The adversarial model – She told us the model is particularly unsuited to working out what is going on so as to accurately identify risk and harm so as to safeguard children from abuse. It focuses too much on the adult dispute rather than what is actually going on for the child. And with increasing numbers of self represented litigants, the whole burden of demonstrating risk and harm is wrongly placed on the shoulders of the vulnerable victim of DA. Resource restraints, delay, lack of judicial time and continuity, silo working and the impact of finding of fact hearings all feed in.
Silo working – Hunter says the court ends up deliberately excluding information due to time and capacity and sometimes due to the inability of litigants to produce it. Such evidence or information as could be available to assist court such as via agencies who know the family is often not drawn upon. Inconsistencies between public and private systems, family and criminal systems, and Family Law Act and Child Arrangement Order proceedings feed in. What is required is a more holistic approach, in turn producing much better information for the court.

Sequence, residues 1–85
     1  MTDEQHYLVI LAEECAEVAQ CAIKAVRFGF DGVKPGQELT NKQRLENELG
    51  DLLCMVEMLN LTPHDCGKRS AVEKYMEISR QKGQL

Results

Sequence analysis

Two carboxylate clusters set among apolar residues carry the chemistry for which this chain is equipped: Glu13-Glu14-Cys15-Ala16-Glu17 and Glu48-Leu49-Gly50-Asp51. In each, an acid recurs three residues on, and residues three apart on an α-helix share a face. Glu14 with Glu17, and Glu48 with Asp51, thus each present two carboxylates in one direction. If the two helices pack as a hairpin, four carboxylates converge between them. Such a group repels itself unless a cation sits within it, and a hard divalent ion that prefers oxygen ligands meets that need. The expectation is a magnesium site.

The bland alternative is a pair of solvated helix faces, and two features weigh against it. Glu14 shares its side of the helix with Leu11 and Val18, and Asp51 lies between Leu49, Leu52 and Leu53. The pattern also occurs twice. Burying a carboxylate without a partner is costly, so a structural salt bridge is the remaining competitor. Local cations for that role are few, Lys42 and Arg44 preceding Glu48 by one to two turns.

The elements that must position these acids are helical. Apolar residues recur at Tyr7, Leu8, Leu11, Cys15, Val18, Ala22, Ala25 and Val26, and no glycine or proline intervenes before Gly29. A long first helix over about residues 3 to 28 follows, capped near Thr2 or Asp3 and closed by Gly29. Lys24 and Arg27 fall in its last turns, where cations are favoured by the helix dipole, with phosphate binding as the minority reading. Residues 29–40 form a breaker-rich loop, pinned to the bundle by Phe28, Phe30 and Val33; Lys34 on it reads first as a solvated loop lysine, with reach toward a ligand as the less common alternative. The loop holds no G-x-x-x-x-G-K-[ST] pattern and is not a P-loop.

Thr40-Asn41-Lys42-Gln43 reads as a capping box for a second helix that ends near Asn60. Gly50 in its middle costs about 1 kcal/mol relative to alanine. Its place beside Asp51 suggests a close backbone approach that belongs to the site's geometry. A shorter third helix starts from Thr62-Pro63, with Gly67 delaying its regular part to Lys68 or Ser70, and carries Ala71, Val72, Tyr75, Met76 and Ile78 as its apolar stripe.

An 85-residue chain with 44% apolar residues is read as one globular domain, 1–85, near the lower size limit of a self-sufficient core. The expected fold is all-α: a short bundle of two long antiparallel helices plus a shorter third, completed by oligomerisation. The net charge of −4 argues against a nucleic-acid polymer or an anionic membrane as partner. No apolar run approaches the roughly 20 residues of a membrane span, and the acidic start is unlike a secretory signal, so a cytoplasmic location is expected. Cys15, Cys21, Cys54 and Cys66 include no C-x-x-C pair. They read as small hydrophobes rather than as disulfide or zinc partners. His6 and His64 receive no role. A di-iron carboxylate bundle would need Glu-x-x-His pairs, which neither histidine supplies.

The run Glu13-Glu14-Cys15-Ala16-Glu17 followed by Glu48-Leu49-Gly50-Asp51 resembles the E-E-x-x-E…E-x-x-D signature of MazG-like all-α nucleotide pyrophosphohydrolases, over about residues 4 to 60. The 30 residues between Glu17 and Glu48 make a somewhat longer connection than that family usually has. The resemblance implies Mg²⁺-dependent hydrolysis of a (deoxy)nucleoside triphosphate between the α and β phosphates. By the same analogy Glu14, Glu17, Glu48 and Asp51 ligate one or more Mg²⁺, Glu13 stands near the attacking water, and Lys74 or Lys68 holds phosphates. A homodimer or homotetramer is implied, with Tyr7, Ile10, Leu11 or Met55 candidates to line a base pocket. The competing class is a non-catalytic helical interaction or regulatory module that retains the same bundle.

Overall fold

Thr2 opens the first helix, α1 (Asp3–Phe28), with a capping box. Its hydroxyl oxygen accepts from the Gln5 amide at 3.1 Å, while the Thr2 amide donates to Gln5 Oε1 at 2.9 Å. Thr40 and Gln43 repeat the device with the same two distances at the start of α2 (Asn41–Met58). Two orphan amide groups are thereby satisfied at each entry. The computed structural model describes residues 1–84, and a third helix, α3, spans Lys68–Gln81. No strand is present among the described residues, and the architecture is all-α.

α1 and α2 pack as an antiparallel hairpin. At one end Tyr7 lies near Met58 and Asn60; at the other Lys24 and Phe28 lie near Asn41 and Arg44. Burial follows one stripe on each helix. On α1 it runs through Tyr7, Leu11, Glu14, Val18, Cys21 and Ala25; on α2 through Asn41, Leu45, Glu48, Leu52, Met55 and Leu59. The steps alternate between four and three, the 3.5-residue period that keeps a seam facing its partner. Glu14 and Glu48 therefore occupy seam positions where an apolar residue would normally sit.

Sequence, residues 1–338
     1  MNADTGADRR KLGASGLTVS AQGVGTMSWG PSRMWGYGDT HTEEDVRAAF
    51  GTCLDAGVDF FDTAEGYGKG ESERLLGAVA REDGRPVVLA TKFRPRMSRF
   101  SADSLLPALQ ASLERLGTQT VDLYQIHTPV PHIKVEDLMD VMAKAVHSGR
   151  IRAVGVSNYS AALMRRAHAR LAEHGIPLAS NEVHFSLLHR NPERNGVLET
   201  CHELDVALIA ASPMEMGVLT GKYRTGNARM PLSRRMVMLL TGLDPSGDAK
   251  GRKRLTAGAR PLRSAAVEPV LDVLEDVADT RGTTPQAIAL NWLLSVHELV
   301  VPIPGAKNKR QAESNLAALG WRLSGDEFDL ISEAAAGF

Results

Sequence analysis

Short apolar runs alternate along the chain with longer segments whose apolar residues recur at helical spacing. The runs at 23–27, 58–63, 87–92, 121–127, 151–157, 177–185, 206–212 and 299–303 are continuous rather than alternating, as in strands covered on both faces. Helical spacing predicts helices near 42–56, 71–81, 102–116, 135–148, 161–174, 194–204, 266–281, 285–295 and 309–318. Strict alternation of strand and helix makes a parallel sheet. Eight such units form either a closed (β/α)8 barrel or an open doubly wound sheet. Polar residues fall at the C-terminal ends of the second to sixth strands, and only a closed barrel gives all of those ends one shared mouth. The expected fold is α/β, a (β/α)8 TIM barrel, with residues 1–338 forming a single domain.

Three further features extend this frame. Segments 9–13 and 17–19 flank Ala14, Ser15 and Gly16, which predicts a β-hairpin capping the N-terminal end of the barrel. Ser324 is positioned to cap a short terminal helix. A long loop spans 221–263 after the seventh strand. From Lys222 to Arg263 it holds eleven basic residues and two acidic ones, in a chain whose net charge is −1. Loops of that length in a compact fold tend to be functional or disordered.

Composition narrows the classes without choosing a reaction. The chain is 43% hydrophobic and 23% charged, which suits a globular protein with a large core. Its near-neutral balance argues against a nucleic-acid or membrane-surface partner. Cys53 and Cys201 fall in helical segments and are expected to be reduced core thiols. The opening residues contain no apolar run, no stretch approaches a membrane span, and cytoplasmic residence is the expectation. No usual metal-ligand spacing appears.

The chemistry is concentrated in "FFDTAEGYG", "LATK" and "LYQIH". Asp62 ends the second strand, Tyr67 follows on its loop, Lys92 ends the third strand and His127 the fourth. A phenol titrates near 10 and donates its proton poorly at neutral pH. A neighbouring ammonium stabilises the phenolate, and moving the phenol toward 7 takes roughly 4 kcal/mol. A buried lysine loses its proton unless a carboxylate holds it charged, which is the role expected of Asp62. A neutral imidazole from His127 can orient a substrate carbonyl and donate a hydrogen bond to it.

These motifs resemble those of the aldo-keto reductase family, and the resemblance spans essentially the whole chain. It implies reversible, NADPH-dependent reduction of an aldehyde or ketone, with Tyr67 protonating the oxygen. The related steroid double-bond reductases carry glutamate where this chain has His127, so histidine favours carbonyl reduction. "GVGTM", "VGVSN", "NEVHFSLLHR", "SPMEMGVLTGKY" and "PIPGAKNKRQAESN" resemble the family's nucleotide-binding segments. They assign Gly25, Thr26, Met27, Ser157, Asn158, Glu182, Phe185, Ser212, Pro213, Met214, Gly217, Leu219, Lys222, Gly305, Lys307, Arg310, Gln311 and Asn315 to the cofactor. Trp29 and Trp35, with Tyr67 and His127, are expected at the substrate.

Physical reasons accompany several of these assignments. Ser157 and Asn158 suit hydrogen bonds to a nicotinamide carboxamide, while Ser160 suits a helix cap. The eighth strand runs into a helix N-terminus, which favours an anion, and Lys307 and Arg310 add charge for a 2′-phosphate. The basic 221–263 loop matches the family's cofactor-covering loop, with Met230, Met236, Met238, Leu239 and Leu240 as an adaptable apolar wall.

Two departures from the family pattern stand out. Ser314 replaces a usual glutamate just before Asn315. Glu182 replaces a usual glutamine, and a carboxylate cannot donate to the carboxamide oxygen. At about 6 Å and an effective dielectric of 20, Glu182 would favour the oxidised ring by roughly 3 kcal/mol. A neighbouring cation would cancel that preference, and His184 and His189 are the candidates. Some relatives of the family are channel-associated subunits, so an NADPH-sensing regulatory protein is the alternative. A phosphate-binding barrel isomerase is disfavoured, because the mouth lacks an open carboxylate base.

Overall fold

A pro contact culture – Hunter said she is often asked why call it a culture when it’s the law. (Court of Appeal case law requires contact to be promoted as far as possible. The presumption of parental involvement must be followed by the court). This was true said Hunter, but the law also says courts must be mindful and concerned about safety and risk of harm. The presumption of parental involvement involves weighing subsection 1(6) exceptions and PD12 J alongside Court of Appeal case law. Whilst the law emphasises the important of contact, family life and safety, it’s the culture of the family courts that prioritises the former.